The Washington, D.C., Department of Health announced a decrease in new HIV cases among District residents for the seventh consecutive year in a report published Feb. 2.
The DOH’s interim HIV/AIDS surveillance report used preliminary data from recorded patients in 2014 to form its assessment. Under current law, doctors and hospitals must report to the DOH when they have a patient with a confirmed case of HIV.
According to the report, there was a 29 percent decrease in new HIV cases between 2013 and 2014, with 396 new cases reported in 2014 and 553 cases reported in 2013. The number of new HIV cases in 2014 is also down 70 percent from the 1,333 new cases reported in 2007, the year with the highest number of new HIV cases in Washington.
Mayor Muriel Bowser celebrated the decline in new HIV cases in a press release on Feb. 2.
“Last year, I announced the bold goal to cut in half new HIV cases in the District by the year 2020,” Bowser said. “Today, we continue to make progress toward that goal and take new approaches that will enable us to ultimately end the epidemic in our city.”
DOH Senior Deputy Director for the HIV/AIDS, Hepatitis, Sexually Transmitted Diseases and Tuberculosis Administration Michael Kharfen said this decline can be attributed to a comprehensive combination of approaches that the DOH uses in treating HIV. Kharfen emphasized the District’s timeliness in linking HIV-positive patients with the healthcare they need as critical in reducing HIV rates.
“The standard that the federal government has set is within three months,” Kharfen said. “We have a protocol here in the District called red carpet entry. This protocol is that if you are newly diagnosed with HIV or you have been wanting to return into care, we can get you an appointment with one of our HIV medical providers within 72 hours.”
Kharfen also cited other methods used by District healthcare providers to reduce the rate of new HIV cases, including providing free condoms and clean intravenous needles as well as ensuring HIV-positive residents remain in care.
Kharfen stressed the need to understand the intersections of social and economic factors when considering healthcare policy.
“You have to understand that health doesn’t occur in a vacuum, that there are other factors that can have impacts on people’s health choices and conditions,” Kharfen said. “That can be their economic opportunity, it can be whether or not they have a stable place to live, it can be whether or not they can have transportation and access to health services and it can be education.”
This year’s report also marks the implementation of two new changes to the DOH’s method of compiling data on HIV cases: the addition of a separate gender category for transgender residents suffering with HIV and AIDS and a change to the methodology of tracking cases. The report cited the new gender category as a way to ensure transgender residents are not underrepresented as they have been in past reports.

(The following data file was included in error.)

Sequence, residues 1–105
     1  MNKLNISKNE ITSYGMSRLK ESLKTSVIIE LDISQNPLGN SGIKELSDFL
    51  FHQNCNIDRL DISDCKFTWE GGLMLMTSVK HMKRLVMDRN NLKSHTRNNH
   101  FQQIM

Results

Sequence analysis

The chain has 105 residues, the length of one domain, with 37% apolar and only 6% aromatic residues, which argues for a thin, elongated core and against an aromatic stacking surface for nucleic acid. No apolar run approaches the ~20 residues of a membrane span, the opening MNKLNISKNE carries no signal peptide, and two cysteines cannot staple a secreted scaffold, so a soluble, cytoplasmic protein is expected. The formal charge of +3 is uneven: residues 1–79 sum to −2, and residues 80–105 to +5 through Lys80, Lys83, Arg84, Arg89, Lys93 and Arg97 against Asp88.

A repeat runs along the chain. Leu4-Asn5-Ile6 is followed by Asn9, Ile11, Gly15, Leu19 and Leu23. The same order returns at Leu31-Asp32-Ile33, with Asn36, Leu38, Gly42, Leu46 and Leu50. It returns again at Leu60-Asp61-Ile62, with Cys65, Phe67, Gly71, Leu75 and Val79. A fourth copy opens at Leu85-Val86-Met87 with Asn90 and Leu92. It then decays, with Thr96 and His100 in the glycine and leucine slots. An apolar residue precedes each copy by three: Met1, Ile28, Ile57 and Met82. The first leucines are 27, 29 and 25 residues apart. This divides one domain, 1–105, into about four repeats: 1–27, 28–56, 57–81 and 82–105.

Kharfen emphasized the importance of this new category in developing patient comfort in healthcare.
“It’s also a way to destigmatize sex, because for a lot of people their sexuality is fluid and their gender identity can be fluid,” Kharfen said. “Therefore, we’re missing the opportunity to have people feel comfortable about health, their sexual health, and that may put them at risk for HIV in a way because we’ve categorized them in a way that they don’t see themselves as.”
For the first time, the DOH will also change its methodology to define the transmission of HIV in all new cases by either injection, drug use or sexual contact, aiming to enhance the quality of reported data and reduce stigmatization.
DOH Director LaQuandra Nesbitt highlighted inclusivity as the basis for both of these changes in a press release Feb. 2,
“We are promoting an inclusive approach to the HIV epidemic as part of our strategy to reduce barriers and develop effective and scientific-based strategies to achieve a HIV-free generation in the District,” Nesbitt said.
Kharfen lauded Bowser’s administration in the work it has done to reduce the spread of AIDS and HIV in the District, especially through measures that account for marginalized people.
“We’re fortunate in that in the District of Columbia we’ve got a mayor who really has set out a new way of talking about health. The way that she’s describing it is really about looking at health equity,” Kharfen said. “What we’ve got in the District is leadership that says, ‘We’ve got to think about all of these factors and how they relate.’”